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The best football game ever played—last year's championship epic between the Baltimore Colts and the New York Giants—seems likely to return for another showing this season, the casts even stronger.
The New York Giants, who grow mightier from week to week as the pro football year wanes, clinched the Eastern Conference title by demolishing Cleveland 48-7 last Sunday; Baltimore, after a shaky spell in midseason, took over the Western Conference lead by outrunning the San Francisco 49ers through the last handful of minutes in their game 34-14. Baltimore need only tie the feckless Los Angeles Rams on Saturday to ensure its second conference title.
San Francisco, which plays the Green Bay Packers, and the Chicago Bears, who meet Detroit, retain mathematical chances to tie for the Western title, but in the light of the recent form of the Colts, theirs must be faint hopes.
The Colt and Giant victories were very similar performances, although the New York triumph was the more impressive. Both these teams are superbly equipped with very large, very strong football players who have been in the National Football League long enough to qualify as experts in their arduous trade. Both have really fine quarterbacks, both have good running backs, cagey, sure-handed receivers, and both have a certain serene confidence in their ability which allows them to retain complete poise and assurance in almost any circumstance.
The Colts flew to San Francisco Thursday, facing a jinx which had seen them lose 10 games in a row in Kezar Stadium. They were a relaxed, unperturbed group, however; they laughed off the inevitable predictions of defeat they were exposed to in the Clift Hotel as they waited for Saturday afternoon. A bootblack, not recognizing a member of the Colt party in a barber chair, bet a shoe-polish salesman a year's free shines against 75 cans of shoe polish, and the Colt grinned. The bishop of the Catholic diocese in San Francisco granted special dispensation for the Colt Catholics to eat meat on Friday evening. "I shouldn't, after what you did to us in Baltimore," he said gruffly. "But I will because I don't want your boys to collapse after our boys whip them."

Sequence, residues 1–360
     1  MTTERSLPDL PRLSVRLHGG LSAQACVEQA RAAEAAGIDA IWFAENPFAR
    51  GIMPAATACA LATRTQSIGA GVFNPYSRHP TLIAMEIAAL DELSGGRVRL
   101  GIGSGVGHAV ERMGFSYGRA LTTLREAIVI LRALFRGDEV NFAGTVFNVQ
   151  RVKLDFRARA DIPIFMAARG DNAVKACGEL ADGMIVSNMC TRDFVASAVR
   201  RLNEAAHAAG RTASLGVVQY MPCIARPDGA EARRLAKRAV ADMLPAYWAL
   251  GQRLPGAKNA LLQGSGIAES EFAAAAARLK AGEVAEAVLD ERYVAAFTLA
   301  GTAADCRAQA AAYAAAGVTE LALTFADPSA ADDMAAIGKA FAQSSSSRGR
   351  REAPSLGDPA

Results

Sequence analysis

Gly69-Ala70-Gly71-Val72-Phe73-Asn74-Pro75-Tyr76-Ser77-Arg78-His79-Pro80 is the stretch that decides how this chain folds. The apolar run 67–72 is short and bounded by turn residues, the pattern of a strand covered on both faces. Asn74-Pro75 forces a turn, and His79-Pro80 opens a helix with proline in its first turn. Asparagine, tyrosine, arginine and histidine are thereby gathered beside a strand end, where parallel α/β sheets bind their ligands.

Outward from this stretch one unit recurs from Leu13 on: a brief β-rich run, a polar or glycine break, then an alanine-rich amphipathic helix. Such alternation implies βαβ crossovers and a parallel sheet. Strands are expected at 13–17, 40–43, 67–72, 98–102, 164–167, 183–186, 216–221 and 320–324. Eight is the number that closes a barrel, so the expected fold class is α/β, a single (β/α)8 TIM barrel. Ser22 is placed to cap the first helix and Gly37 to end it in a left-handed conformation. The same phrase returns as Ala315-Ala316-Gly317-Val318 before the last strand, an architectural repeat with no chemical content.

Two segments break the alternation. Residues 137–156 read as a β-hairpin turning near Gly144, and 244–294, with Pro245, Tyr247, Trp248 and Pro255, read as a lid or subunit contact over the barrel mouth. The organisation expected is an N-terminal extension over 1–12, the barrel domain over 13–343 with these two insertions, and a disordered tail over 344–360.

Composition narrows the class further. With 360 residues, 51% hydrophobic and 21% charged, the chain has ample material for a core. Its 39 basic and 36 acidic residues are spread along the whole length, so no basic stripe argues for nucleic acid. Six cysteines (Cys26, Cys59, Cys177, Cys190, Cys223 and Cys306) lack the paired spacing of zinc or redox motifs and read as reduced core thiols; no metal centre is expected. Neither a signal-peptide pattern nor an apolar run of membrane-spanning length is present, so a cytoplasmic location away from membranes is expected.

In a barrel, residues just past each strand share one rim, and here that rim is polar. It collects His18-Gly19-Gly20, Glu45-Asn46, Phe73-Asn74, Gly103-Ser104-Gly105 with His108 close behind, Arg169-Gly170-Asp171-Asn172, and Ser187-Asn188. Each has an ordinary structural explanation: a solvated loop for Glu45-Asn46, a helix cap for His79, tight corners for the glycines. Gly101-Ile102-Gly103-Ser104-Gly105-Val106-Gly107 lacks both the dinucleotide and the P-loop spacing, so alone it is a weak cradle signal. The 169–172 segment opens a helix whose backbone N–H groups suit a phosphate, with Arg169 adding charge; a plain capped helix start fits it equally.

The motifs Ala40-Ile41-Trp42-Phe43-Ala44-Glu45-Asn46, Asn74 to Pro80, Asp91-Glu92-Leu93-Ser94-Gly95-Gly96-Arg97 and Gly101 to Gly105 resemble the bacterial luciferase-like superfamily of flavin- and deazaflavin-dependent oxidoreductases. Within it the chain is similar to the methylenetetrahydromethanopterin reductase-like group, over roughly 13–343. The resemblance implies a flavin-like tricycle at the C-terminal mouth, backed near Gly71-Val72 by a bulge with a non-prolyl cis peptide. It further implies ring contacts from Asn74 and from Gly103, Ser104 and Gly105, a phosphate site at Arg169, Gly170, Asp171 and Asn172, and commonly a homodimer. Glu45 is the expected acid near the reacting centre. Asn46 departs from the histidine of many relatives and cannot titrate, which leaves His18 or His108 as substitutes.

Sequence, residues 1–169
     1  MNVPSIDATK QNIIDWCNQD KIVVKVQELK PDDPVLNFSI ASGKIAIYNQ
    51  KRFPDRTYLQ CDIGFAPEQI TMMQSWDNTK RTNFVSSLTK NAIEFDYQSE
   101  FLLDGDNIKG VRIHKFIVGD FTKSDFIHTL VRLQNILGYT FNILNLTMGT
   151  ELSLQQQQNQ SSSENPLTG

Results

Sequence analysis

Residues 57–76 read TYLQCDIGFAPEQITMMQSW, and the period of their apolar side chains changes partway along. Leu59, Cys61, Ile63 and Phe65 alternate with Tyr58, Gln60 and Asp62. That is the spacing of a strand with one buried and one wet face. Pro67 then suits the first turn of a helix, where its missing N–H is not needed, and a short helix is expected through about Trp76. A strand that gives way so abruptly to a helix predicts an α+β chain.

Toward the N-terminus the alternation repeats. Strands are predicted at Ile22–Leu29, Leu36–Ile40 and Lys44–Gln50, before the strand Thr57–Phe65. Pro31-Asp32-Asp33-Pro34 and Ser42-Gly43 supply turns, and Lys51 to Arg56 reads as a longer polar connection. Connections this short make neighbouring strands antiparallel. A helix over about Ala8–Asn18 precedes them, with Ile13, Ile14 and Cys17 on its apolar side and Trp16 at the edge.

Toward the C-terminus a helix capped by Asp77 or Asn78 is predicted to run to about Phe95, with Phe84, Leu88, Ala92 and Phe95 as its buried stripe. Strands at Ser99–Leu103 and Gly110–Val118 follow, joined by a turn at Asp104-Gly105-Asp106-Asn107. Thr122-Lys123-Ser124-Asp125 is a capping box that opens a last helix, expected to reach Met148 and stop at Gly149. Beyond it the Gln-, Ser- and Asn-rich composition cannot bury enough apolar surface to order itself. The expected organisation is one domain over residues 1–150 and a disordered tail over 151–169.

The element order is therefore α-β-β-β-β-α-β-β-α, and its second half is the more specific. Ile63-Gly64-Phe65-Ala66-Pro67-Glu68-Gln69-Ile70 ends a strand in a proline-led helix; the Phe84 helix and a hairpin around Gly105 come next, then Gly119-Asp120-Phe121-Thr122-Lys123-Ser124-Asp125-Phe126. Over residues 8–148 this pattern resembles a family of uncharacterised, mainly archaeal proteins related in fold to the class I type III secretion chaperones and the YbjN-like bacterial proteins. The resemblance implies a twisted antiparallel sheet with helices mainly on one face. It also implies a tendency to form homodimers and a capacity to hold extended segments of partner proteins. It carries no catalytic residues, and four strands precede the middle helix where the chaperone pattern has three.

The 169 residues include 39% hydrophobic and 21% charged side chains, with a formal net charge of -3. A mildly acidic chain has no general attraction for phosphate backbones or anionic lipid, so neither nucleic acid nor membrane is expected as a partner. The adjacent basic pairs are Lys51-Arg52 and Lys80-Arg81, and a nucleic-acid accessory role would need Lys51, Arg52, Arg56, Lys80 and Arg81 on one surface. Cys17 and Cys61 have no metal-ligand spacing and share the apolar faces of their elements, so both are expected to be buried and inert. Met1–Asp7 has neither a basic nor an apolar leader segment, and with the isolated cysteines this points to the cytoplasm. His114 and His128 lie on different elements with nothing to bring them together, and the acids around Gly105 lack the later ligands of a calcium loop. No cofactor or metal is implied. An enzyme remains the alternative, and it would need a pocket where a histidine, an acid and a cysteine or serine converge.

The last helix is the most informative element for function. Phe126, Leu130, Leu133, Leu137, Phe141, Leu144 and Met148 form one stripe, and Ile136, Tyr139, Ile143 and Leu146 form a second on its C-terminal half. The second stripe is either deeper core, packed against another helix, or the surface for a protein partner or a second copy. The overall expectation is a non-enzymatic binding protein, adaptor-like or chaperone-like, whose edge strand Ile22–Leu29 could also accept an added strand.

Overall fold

Surprisingly, San Francisco fans seemed immensely confident that the 49ers could reverse the 45-14 shellacking visited upon them by the Colts in Baltimore only two weeks before. Tickets were impossible to find at $50. apiece. "Sell?" said one fan. "Gosh, it'd cost you five bucks just to look at my ticket." The chef who prepared the team meals for the Colts at the hotel advised Coach Weeb Ewbank, Owner Carroll Rosenbloom and General Manager Don Kellett that the 49ers would whip the Colts; he was unceremoniously ushered from the dining room as a result. Ewbank worried for a while that the chef might retaliate by serving the team a case of food poisoning, but the meals were good and wholesome.
Riding to the game, the Colts were relaxed and confident. When the bus passed University of San Francisco, Bill Pellington, a linebacker, pointed to the campus. "Hey, Gino," he said to Marchetti, Baltimore's all-pro defensive end. "They tell me you were so famous there that they retired your grades." Marchetti, who may have attended four classes during his career at USF, nodded agreement.
In their dressing room, the Colts were still relaxed, although they were no longer joking. In the 49er dressing room, the atmosphere was grim and still. "It's our turn now," someone said into the silence.
But it wasn't. The 49ers played a much better game than they had in the massacre in Baltimore, but they simply could not match Colt manpower or finesse. Raymond Berry, one of the finest ends of the last decade, caught two touchdown passes, one in the end zone on a prodigious leap for an unbelievable grab. ("It'll work, Coach," he told Ewbank earlier in the game, of the pattern he ran to get free. "I'm aware of it, Raymond," said Ewbank. "I just wanted you to know," Berry replied.) Lenny Moore ran 64 yards to a touchdown with a Unitas pass after changing his planned route in mid-course; he was supposed to slant in over the middle. "I saw that cat come in too far," he said, speaking of the defensive halfback covering him. "So I just broke back out to the outside and hoped Johnny would read me." Johnny read, him, and the pass found Moore in the clear behind the 49er defender.
Milt Davis, thin and scholarly, who plays defensive halfback for the Colts (and off season studies dentistry), had one of the six interceptions which crushed San Francisco hopes. He dived to pick off the pass, fell to his knees and ran 57 yards for a touchdown. "Somebody was hollering 'Lateral, lateral!' " he said. "I got about 11 blocks though and I figured I'd go for the six." Davis later pulled a hamstring muscle and may miss the Ram game. Alan Ameche, the powerful Colt fullback, has bruised ribs but should play. Both would be available for a championship game.